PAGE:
Even if the numbers aren’t precisely comparable, it’s hard for me to imagine that the quits rate now is higher than the rate during World War II. It may not even be as high as it was in the 1970s. Great Resignation? Maybe not so much.
In “The Rime of the Ancient Mariner,” a poem published in 1798, Samuel Taylor Coleridge described the plight of a sailor dying of thirst while becalmed in the Pacific Ocean: “Water, water, every where/ Nor any drop to drink.”
In periods of financial stress, troubled banks are like the ancient mariner, argues a new working paper titled “Liquidity, Liquidity Everywhere, Not a Drop to Use — Why Flooding Banks With Central Bank Reserves May Not Expand Liquidity.” It’s by Viral V. Acharya of New York University’s Stern School of Business and Raghuram Rajan of the University of Chicago’s Booth School of Business.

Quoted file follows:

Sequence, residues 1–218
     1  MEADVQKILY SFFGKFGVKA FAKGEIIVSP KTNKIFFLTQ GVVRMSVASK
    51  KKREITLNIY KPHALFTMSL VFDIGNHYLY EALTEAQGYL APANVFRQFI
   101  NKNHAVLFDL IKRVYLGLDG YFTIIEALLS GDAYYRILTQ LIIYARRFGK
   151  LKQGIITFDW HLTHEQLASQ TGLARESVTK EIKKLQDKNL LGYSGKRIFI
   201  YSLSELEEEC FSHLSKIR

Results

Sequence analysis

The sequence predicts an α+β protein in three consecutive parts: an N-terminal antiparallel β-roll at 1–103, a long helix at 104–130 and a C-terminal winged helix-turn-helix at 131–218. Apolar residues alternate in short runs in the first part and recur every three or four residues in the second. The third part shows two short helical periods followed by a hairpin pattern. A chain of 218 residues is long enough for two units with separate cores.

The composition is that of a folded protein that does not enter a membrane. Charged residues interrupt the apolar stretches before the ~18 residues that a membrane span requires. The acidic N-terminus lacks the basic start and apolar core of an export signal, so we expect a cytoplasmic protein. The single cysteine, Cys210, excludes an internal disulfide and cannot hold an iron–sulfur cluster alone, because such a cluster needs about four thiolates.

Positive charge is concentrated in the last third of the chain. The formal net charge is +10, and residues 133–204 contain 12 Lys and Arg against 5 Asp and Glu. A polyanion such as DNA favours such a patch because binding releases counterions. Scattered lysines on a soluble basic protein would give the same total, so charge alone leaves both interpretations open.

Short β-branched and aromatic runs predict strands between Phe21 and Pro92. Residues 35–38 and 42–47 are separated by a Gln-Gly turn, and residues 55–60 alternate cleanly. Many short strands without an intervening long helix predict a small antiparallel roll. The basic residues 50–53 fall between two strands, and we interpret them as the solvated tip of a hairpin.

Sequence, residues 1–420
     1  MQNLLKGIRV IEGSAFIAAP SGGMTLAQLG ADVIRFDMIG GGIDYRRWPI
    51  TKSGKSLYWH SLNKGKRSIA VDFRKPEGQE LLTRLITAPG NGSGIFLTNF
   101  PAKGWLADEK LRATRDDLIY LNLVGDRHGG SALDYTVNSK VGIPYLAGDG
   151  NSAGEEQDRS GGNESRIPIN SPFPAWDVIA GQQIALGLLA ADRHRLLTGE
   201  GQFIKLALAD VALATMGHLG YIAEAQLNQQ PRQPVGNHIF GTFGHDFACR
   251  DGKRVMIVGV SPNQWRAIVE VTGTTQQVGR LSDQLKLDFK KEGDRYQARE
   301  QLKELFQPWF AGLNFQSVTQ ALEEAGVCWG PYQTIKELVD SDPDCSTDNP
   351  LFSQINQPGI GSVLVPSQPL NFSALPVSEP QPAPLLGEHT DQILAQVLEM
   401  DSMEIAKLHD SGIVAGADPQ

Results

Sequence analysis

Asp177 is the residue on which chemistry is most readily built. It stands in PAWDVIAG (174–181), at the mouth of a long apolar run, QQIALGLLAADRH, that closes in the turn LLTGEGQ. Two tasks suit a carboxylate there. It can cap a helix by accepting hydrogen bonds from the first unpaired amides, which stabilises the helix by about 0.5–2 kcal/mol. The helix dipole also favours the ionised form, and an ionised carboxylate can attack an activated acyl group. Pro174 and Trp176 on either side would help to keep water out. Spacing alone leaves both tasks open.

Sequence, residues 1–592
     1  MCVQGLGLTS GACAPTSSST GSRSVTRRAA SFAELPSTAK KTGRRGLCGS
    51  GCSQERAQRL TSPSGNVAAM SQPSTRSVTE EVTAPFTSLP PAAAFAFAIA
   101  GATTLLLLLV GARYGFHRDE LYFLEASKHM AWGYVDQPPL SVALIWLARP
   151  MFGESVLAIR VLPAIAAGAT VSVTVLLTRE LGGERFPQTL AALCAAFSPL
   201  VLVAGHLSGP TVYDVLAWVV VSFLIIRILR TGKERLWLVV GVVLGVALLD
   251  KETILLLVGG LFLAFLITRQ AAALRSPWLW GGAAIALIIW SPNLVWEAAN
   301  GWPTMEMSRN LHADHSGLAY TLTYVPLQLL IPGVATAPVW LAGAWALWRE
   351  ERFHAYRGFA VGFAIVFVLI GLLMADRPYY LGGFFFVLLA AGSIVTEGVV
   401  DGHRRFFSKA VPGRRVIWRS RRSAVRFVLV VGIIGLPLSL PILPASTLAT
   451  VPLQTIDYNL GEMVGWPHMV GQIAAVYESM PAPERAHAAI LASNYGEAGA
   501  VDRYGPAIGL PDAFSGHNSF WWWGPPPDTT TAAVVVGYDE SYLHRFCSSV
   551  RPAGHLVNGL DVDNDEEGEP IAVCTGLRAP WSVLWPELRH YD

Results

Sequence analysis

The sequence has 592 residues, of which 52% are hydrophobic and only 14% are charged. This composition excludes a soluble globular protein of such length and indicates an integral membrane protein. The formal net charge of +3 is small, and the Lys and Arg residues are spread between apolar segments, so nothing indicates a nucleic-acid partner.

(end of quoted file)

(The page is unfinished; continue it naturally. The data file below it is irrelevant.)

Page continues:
Liquidity in financial terms is the ability to sell something quickly and easily, and it’s as important to banks as water is to sailors. In hard times the Federal Reserve tries to make banks more liquid by supplying them with the most liquid of assets — reserves at the central bank.
But very little of the liquidity goes to the banks that need it most, the economists write. The “perhaps most novel” reason for that, they say, is that “healthy banks may hoard liquidity and maintain unimpeachable balance sheets, in order to be perceived as safe and attract more deposit flows, rather than lending it out to stressed banks.”
The authors say their paper explains bouts of turbulence in the money markets in 2019 and 2020. They conclude that “central bank balance sheet expansion need not eliminate episodes of stress; it may even exacerbate them. This may also attenuate any positive effects of central bank balance sheet expansion on economic activity.”
Quote of the day
“Iceland, according to regulations of 1413 and 1426, had a centuries-old market price list for commodities, payable in dried fish (1 fish for one horseshoe, 3 for a pair of women’s shoes, 100 for a barrel of wine, 120 for a cask of butter, etc.).”
— Fernand Braudel, “Civilization and Capitalism, 15th-18th Century, Volume 1: The Structures of Everyday Life” (1981)